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The rate of actin-based motility of intracellular Listeria monocytogenes equals the rate of actin polymerization


THE Gram-positive bacterium Listeria monocytogenes is a facultative intracellular pathogen capable of rapid movement through the host cell cytoplasm1. The biophysical basis of the motility of L. monocytogenes is an interesting question in its own right, the answer to which may shed light on the general processes of actin-based motility in cells. Moving intracellular bacteria display phase-dense 'comet tails' made of actin filaments, the formation of which is required for bacterial motility2,3. We have investigated the dynamics of the actin filaments in the comet tails using the technique of photoactivation of fluorescence, which allows monitoring of the movement and turnover of labelled actin filaments after activation by illumination with ultraviolet light. We find that the actin filaments remain stationary in the cytoplasm as the bacterium moves forward, and that length of the comet tails is linearly proportional to the rate of movement. Our results imply that the motile mechanism involves continuous polymerization and release of actin filaments at the bacterial surface and that the rate of filament generation is related to the rate of movement. We suggest that actin polymerization provides the driving force for bacterial propulsion.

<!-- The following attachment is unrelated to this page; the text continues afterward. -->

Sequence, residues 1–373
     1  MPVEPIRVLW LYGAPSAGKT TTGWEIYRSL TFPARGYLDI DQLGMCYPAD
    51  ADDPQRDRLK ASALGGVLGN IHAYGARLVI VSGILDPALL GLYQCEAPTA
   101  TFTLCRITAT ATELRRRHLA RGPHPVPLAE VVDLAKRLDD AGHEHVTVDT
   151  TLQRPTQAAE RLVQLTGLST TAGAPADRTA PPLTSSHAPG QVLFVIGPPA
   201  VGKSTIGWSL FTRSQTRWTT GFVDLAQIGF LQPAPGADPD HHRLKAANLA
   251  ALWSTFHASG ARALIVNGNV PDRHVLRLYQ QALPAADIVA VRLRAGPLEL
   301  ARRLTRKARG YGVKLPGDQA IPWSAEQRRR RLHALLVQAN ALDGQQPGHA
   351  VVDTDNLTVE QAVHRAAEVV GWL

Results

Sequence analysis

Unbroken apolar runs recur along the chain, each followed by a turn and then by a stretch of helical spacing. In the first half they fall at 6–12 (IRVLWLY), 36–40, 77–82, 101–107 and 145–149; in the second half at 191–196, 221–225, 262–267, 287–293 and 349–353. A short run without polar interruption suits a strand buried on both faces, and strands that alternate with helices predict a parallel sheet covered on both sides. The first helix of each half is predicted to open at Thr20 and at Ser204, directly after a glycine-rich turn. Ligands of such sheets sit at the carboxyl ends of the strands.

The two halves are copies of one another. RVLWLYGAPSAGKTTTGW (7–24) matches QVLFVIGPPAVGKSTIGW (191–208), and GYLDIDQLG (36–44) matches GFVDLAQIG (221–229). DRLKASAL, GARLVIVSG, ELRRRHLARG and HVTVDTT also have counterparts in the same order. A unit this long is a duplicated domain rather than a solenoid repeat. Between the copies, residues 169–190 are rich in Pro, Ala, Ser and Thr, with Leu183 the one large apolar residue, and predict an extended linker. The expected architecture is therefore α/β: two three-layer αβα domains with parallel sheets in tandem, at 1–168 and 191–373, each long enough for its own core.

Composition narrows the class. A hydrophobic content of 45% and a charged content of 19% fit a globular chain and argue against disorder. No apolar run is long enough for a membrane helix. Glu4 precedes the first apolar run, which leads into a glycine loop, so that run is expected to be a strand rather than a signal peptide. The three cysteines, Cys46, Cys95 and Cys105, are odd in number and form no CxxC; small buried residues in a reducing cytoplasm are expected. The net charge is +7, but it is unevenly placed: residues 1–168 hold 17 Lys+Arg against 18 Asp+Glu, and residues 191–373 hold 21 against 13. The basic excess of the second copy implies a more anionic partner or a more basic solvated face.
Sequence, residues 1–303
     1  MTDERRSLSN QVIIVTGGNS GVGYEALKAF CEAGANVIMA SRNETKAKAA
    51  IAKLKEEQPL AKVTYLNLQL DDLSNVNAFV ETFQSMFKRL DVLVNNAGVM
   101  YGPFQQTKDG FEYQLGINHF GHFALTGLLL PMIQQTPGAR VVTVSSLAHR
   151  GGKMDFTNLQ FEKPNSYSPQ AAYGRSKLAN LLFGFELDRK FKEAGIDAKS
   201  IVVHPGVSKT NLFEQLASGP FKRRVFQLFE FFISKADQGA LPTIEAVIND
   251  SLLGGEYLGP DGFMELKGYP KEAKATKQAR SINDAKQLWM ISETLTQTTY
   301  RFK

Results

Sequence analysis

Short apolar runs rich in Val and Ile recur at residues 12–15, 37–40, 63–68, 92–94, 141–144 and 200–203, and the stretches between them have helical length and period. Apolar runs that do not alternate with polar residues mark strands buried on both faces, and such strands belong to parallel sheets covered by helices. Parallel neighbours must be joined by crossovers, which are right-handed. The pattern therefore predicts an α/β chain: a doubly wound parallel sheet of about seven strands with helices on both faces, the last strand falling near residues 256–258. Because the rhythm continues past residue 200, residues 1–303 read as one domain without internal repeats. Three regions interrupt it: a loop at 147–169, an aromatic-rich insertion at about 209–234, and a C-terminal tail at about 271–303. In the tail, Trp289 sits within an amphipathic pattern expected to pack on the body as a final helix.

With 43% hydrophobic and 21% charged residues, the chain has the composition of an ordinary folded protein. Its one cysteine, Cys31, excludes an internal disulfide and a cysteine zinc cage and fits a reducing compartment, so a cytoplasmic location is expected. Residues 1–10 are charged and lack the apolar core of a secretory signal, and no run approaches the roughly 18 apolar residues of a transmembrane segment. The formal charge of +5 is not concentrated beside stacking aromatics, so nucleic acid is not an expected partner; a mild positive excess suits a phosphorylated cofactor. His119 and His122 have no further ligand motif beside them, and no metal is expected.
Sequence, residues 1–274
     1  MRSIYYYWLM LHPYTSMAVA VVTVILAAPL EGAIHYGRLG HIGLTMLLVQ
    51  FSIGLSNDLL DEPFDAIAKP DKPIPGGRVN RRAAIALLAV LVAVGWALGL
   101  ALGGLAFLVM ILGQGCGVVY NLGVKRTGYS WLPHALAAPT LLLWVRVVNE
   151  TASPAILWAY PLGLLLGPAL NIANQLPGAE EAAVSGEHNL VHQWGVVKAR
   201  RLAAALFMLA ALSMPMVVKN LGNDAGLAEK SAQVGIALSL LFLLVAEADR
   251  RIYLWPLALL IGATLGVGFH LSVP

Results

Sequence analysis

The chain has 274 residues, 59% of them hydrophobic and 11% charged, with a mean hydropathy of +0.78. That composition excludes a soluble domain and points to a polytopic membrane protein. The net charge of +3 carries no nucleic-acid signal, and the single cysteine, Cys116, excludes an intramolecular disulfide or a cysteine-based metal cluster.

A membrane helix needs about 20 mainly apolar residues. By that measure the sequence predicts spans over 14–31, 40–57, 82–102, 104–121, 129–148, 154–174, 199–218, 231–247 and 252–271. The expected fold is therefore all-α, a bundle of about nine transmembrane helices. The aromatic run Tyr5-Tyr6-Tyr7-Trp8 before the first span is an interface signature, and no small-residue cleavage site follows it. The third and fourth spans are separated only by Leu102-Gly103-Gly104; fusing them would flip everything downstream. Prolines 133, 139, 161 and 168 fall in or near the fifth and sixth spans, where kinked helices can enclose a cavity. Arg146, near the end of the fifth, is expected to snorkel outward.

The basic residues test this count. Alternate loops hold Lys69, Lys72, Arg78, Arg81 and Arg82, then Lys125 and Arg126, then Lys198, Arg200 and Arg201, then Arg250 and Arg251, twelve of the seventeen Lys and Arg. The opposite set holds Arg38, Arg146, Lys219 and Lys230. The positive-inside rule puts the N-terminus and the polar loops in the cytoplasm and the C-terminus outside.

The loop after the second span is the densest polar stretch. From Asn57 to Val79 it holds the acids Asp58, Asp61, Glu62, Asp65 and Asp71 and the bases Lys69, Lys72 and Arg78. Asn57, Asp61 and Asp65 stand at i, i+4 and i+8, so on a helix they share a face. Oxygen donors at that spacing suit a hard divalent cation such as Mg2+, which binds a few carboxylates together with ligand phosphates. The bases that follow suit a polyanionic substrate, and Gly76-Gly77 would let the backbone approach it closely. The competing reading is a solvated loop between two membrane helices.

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Theriot, J., Mitchison, T., Tilney, L. et al. The rate of actin-based motility of intracellular Listeria monocytogenes equals the rate of actin polymerization. Nature 357, 257–260 (1992).

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